A flick so revolting, even secularists are in shock…

Italian Novus Ordo Bishops’ Newspaper defends Quasi-Pedophiliac Movie Cuties

(We have blurred grave immodesty and suggestive poses in this
snapshot from the movie, which is featured in the Avvenire article.)

This post is being written with tears in the eyes, a lump in the throat, and mixed emotions. The emotions are anger, sadness, and nausea.

Avvenire is the official newspaper of the Italian Novus Ordo bishops’ conference, the so-called Conferenza Episcopale Italiana (CEI). On Sep. 16, 2020, this paper published an article defending the disgusting, evil, and utterly revolting movie Mignonnes, which in the English-speaking world has been released under the title Cuties.

Most people will already have heard about this sick film and so will be familiar with the controversy. For those who are not, the official storyline found at the Internet Movie Database gives enough of a hint as to the direction in which the movie goes: “Amy, an 11-year-old girl, joins a group of dancers named ‘the cuties’ at school, and rapidly grows aware of her burgeoning femininity – upsetting her mother and her values in the process” (source).

Cuties was released in the United States on Sep. 9 on Netflix, which prompted a #CancelNetflix campaign on social media. Although we live in a sick and perverted secular society and the forces of Organized Naturalism are working hard to break down even that final barrier, most people still retain enough minimal decency to hold that the pedophiliac sexualization of preteens definitely crosses the line into the intolerable.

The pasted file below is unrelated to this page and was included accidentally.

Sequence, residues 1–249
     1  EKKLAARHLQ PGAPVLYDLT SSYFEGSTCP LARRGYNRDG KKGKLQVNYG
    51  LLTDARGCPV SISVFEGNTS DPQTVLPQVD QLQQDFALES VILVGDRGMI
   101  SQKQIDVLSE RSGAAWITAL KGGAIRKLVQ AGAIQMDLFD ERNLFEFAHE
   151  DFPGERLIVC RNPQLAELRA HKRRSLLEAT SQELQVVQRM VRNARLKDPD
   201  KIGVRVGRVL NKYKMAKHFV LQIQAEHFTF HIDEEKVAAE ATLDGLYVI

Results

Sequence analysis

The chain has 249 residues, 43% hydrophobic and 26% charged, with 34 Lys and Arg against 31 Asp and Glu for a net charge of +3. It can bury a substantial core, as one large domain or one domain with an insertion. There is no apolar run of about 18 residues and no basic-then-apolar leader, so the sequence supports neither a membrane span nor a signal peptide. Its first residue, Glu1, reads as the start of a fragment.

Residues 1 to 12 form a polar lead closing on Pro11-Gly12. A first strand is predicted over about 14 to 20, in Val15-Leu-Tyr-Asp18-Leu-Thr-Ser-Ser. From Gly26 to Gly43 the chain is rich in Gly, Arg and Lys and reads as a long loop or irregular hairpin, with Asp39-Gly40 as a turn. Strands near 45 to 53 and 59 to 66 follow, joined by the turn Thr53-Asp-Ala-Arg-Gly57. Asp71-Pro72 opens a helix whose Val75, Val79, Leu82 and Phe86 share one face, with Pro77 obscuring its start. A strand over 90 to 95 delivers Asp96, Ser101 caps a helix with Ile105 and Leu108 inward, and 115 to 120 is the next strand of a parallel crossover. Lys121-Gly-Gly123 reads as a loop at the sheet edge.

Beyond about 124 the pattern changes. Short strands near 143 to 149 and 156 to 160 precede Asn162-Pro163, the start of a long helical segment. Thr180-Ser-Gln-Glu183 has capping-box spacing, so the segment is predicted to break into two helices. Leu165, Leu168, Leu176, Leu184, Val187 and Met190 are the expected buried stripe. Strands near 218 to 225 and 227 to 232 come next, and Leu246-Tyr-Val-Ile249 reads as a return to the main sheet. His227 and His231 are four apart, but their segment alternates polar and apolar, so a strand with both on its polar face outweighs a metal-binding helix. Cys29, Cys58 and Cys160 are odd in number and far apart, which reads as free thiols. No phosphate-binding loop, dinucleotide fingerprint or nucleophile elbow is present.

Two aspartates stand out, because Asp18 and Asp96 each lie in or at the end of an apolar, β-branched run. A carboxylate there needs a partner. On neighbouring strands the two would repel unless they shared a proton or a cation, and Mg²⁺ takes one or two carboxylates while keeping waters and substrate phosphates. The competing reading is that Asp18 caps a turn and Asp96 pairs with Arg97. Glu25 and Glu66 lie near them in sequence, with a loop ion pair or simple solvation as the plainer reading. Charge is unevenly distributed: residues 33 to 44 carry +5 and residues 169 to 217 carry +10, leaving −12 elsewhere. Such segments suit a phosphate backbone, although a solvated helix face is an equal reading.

Not so with the Italian Novus Ordo bishops, apparently. The headline of the Avvenire article translates as: “The boycott. ‘Mignonnes’ (Cuties) is a tough but educational film” (Il boicottaggio. “Mignonnes” (Cuties) è un film duro, ma educativo). It was written by Novus Ordo journalist Andrea Fagioli, who claims that “there is no ‘scandalous sexualization of adolescents’ as some of the 600,000 petitioners [against Netflix] wrote.”

Really? Let’s see.

Or rather, let’s not. The following is a blurred version of the original movie poster used by Netflix to promote the film (which they have since replaced with a different one).

No scandalous sexualization of children, eh?

To be clear: We blurred the image. The original is not blurred. There is a short clip of this dance scene on Twitter, but we decided not to link it — it’s the kind you can’t watch for more than two seconds (it takes one second for you to process what you’re actually seeing, and another second to find the off button).

In his article Fagioli, who is married and has three children, tries to downplay the scandal, claiming that people who are outraged at Netflix over Cuties “either didn’t see it or really limited themselves to the [movie] poster.” One may be excused for not wanting to see the flick after seeing the poster, but for those who remain irate “even” after actually watching the film, Fagioli has another explanation for their “misplaced” outrage:

…they either didn’t get it or looked at it with the wrong eyes. The film by the Franco-Senegalese director Maïmouna Doucouré does not revolve around a “scandalous sexualisation of adolescents” nor obviously “incentivises paedophilia”, as some of the more than 600,000 signatories of a petition against the online giant of film and TV series distribution have written.

No sexualization of adolescents, really? As “Fr.” John Zuhsldorf has aptly remarked, perhaps that is because “they are too young to be adolescents.” Touché!